We also look into the latest on Greece’s financial problems and how Europe is trying to save its common currency, with analysis of the situation by Acton Institute Director of Research Samuel Gregg. As he notes, Europe’s economic troubles run much deeper than just the Greek debt crisis.

You can listen to this week’s podcast via the audio player below:

Martin Luther: Inventor of Austerity?

Martin Luther: Inventor of Austerity?

On the The Economist’s religion and public policy blog, the writer Erasmus pokes holes in a theory put forth by Giles Fraser, a left wing Anglican priest, who sees conflicting theories of the atonement of Christ as one of the causes of so much misunderstanding in the European Union. Erasmus explains:

… traditional Protestant and Catholic teaching has presented the self-sacrifice of Christ as the payment of a debt to God the Father. In this view, human sinfulness created a debt which simply had to be settled, but could not be repaid by humanity because of its fallen state; so the Son of God stepped in and took care of that vast obligation. For Orthodox theologians, this wrongly portrays God the Father as a sort of heavenly debt-collector who is himself constrained by some iron necessity; they prefer to see the passion story as an act of mercy by a God who is free. Over-simplifying only a little, Mr Fraser observed: “the idea that the cross is some sort of cosmic pay-back for human sin [reflects] a no-pain-no-gain obsession with suffering,” from an eastern Christian viewpoint.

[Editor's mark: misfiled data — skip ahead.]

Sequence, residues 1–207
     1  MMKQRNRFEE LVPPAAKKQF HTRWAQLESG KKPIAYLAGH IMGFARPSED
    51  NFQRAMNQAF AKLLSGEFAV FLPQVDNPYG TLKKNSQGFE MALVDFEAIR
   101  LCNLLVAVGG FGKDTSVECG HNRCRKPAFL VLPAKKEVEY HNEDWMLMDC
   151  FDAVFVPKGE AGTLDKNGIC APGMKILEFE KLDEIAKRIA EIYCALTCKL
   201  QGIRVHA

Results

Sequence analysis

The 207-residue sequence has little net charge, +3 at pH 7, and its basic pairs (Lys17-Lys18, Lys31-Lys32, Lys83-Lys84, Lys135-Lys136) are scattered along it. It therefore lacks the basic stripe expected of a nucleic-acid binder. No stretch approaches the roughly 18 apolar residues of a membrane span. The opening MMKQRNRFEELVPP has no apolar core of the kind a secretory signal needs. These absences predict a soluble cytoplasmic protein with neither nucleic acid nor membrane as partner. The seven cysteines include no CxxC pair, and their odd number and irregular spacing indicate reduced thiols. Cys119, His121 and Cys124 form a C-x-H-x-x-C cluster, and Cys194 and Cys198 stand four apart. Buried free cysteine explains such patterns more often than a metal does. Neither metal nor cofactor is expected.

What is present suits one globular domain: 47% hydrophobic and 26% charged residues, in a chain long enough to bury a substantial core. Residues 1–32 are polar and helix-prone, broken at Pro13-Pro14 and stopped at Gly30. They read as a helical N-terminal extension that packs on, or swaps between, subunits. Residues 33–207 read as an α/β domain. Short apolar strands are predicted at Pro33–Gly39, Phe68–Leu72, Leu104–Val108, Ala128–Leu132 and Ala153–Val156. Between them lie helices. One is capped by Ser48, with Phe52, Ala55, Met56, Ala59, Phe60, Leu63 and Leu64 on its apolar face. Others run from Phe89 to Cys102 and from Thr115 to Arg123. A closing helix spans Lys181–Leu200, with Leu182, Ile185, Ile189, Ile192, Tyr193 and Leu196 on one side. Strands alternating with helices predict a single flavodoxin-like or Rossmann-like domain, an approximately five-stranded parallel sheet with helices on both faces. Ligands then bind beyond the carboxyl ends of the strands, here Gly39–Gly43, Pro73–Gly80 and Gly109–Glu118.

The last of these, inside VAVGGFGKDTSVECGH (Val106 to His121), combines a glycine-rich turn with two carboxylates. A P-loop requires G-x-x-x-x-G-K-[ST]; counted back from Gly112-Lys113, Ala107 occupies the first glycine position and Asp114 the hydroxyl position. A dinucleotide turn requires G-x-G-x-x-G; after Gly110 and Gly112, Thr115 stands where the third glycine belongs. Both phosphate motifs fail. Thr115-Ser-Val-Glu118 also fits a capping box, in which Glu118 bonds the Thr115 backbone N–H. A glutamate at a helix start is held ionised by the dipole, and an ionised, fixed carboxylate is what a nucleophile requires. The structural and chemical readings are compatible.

Erasmus rightly describes this sort of thinking as a gross simplification. He quotes the Anglican priest, who said that “capitalism itself was built upon this western model of redemption” and that Angela Merkel is, in a sinister twist, is the daughter of a Lutheran minister. Erasmus: (more…)

Blog author: ehilton
Thursday, July 9, 2015
By

greece-bandaidGreece’s economic problems are so vast, comprehension is difficult. Over at NPR, Greg Myre breaks it down for us.

25: The unemployment rate, and that’s probably low-balling. For those under the age of 25, the unemployment rate hovers around 50 percent.

92: The average income earned by a typical citizen is under-reported by 92 percent, on average, to the government.

Tax evasion is endemic in Greece and a major contributor to the government’s budget shortfalls. Creditors are demanding this be addressed in return for a new rescue package.

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Met. John of Pergamon

Met. John of Pergamon